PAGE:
It’s that time of year again! I live in a suburban garden, 90 feet long by 45 feet at the rear, narrower at the side of the house and with trees and hedging at the front. It is a mixed garden with 2 lawns, herbaceous shrubs, containers of seasonal flowers and bulbs, a vegetable plot, a beech hedge and a few mature trees. During this current coronavirus crisis I am certainly lucky to have my garden and be able to work in it and sit out in it. I am just a few hundred yards from a green space, some woods and less than a mile from fairly open countryside, as I overlook the North Downs. It’s no surprise that a lot of garden birds come to my bird feeders and bird table and they are a great pleasure to me and my house cat also enjoys watching them from the window!
Time marches on and the birds certainly seem to think that spring has arrived and it’s time to be looking at nests. At the weekend I was watching wood pigeons collecting nesting material, small sticks and dried pieces of plant and taking them to the side of the house, sitting on the fence and then repeatedly disappearing inside a fairly large holly tree. I assume they think that is a good place for their nest this year.
I have a fairly large flock of feral pigeons who come to the garden and appear at regular times looking for food. The first pair arrived in the cold winter of 2009-10 and I now can have anything upwards of 50 on the roof on a really cold morning. I give them some food and then most of them will disappear with just a smaller number coming back from time to time to the bird table and especially a couple of hours before sunset. They mainly have mixed seed and some pellets and they’ve also worked out how to climb on the suet fat ball feeder and the peanut feeder. Some have even copied the jackdaws, by flipping the lid on the peanut feeder and taking a whole nut rather than just pieces out through the mesh. The jackdaws have always come to the garden from the autumn until about May. The antics of the jackdaws are probably only matched by the squirrel or squirrels, who come to the peanut feeder, take one and sit and eat it or bury it. The squirrels tend to come as well in the late summer as I have a cobnut tree in the garden. The tit family of birds certainly enjoyed eating the catkins.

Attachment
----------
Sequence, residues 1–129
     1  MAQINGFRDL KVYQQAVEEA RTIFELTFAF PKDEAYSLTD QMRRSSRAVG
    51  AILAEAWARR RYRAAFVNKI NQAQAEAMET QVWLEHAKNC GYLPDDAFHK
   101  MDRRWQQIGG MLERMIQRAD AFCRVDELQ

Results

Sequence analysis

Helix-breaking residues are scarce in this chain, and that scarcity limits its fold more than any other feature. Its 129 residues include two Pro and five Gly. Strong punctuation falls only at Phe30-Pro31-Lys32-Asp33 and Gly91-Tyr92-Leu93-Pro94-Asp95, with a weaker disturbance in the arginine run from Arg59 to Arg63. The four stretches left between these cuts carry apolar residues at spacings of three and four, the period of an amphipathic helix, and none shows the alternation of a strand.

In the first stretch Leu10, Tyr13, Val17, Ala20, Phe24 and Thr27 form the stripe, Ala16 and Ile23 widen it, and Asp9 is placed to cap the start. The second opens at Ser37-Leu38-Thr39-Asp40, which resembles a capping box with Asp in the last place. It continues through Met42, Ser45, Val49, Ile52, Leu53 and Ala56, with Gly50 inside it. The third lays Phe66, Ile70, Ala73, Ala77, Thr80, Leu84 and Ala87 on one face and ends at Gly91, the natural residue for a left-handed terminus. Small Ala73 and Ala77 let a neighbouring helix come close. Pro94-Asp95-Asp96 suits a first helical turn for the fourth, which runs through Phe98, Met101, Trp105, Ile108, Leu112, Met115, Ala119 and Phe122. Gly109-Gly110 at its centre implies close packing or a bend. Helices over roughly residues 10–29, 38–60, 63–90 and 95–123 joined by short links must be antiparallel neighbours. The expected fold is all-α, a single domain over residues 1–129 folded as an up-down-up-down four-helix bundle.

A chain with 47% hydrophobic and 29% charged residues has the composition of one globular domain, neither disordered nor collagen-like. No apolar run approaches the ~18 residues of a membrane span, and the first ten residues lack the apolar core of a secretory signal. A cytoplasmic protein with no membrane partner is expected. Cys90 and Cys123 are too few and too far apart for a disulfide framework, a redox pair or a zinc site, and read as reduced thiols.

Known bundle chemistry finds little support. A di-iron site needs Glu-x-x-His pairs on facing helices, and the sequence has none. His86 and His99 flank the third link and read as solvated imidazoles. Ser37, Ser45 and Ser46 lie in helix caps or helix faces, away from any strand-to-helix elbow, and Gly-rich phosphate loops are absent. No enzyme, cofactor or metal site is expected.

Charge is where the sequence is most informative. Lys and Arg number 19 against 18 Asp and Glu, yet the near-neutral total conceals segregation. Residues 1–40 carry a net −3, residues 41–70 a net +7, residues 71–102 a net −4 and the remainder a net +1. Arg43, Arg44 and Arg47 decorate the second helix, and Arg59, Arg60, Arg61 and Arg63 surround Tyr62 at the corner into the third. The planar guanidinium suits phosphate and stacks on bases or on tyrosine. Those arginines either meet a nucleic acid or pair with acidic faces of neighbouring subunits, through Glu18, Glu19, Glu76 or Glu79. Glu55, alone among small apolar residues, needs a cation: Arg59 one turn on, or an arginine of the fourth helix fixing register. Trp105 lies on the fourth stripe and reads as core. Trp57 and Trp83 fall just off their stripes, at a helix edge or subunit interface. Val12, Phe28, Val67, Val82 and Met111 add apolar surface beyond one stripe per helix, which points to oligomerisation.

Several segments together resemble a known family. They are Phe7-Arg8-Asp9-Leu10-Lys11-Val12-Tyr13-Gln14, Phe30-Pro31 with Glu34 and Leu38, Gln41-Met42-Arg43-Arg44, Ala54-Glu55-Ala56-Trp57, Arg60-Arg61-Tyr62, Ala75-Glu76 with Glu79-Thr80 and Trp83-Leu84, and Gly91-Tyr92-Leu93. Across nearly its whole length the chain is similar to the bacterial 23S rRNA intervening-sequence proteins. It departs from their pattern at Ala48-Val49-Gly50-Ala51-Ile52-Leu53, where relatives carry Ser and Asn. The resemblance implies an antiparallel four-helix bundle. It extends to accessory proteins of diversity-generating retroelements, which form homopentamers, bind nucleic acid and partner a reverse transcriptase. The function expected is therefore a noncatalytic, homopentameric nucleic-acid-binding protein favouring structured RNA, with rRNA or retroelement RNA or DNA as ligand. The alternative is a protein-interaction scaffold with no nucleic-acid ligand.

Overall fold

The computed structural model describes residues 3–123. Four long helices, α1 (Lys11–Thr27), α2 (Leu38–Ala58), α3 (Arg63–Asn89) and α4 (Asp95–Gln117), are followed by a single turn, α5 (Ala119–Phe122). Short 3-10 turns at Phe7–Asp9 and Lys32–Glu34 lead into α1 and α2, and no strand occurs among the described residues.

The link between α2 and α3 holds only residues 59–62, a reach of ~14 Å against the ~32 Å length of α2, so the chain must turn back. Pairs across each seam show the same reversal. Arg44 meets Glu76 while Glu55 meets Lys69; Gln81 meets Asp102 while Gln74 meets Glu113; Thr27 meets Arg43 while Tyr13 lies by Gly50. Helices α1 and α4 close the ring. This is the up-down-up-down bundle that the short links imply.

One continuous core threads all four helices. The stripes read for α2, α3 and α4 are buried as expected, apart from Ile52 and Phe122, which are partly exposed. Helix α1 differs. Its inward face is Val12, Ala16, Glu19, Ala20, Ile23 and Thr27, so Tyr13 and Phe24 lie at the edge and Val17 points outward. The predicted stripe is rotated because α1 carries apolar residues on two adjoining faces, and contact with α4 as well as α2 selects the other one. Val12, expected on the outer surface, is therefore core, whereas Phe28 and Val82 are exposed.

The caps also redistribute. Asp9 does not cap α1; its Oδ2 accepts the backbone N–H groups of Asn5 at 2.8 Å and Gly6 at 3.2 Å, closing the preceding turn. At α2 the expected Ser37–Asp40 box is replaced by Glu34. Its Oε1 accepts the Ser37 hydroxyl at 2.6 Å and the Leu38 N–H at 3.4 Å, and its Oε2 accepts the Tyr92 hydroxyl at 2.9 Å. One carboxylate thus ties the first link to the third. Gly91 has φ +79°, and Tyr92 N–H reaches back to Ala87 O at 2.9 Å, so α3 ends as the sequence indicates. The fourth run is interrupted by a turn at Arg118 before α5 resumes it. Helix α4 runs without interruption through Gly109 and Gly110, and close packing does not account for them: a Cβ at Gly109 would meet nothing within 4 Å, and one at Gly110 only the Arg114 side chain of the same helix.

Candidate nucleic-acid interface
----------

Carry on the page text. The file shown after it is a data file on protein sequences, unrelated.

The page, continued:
The sparrows have also been collecting nesting material and have been gathering fluffy feathers that the pigeons have left on the grass. It is nice to see a good group of sparrows, who roost not too far away, as they had almost disappeared from this area of Kent. Early and late in the day the blackbirds and the smaller birds such as blue tits, coal tits, great tits and chaffinches, as well as least two robins, come to the feeders when the large birds have gone home or have flown off.
My late mother used to say that it would be terrible if we didn’t have the birds. I think that is certainly true and I am sure that they help in the garden too, as the tit family and sparrows certainly eat the aphids on the roses and other plants.
Over the coming weeks I’ll keep you posted as to what the birds are up to. I think I have a couple of jackdaws nesting in the chimney pot, which is unused now, fortunately, and they seem to have been there all winter as they keep popping in and out.
Written by Margaret Emerson